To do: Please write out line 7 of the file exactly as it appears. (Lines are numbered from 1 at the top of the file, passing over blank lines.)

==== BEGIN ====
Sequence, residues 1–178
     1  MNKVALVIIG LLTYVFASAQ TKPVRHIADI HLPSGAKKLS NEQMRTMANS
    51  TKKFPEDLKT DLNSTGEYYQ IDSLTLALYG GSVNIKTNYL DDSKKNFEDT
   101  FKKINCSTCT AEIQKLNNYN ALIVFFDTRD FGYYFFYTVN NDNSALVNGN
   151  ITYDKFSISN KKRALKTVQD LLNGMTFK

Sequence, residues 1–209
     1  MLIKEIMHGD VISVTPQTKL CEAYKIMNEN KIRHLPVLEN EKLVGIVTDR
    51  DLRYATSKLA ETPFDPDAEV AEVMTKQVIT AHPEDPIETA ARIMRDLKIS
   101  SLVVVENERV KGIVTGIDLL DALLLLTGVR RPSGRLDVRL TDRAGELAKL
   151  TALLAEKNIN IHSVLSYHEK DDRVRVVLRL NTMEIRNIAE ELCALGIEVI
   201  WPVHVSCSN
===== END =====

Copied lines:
     1  MLIKEIMHGD VISVTPQTKL CEAYKIMNEN KIRHLPVLEN EKLVGIVTDR